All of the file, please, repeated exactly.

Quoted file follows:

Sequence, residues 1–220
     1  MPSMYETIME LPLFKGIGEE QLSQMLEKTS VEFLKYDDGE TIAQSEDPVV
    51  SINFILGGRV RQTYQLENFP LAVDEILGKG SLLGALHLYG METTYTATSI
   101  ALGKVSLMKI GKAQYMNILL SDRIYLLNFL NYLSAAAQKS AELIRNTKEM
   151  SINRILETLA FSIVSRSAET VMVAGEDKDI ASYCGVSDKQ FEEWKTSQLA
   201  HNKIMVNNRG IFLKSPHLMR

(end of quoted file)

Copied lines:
Sequence, residues 1–220
     1  MPSMYETIME LPLFKGIGEE QLSQMLEKTS VEFLKYDDGE TIAQSEDPVV
    51  SINFILGGRV RQTYQLENFP LAVDEILGKG SLLGALHLYG METTYTATSI
   101  ALGKVSLMKI GKAQYMNILL SDRIYLLNFL NYLSAAAQKS AELIRNTKEM
   151  SINRILETLA FSIVSRSAET VMVAGEDKDI ASYCGVSDKQ FEEWKTSQLA
   201  HNKIMVNNRG IFLKSPHLMR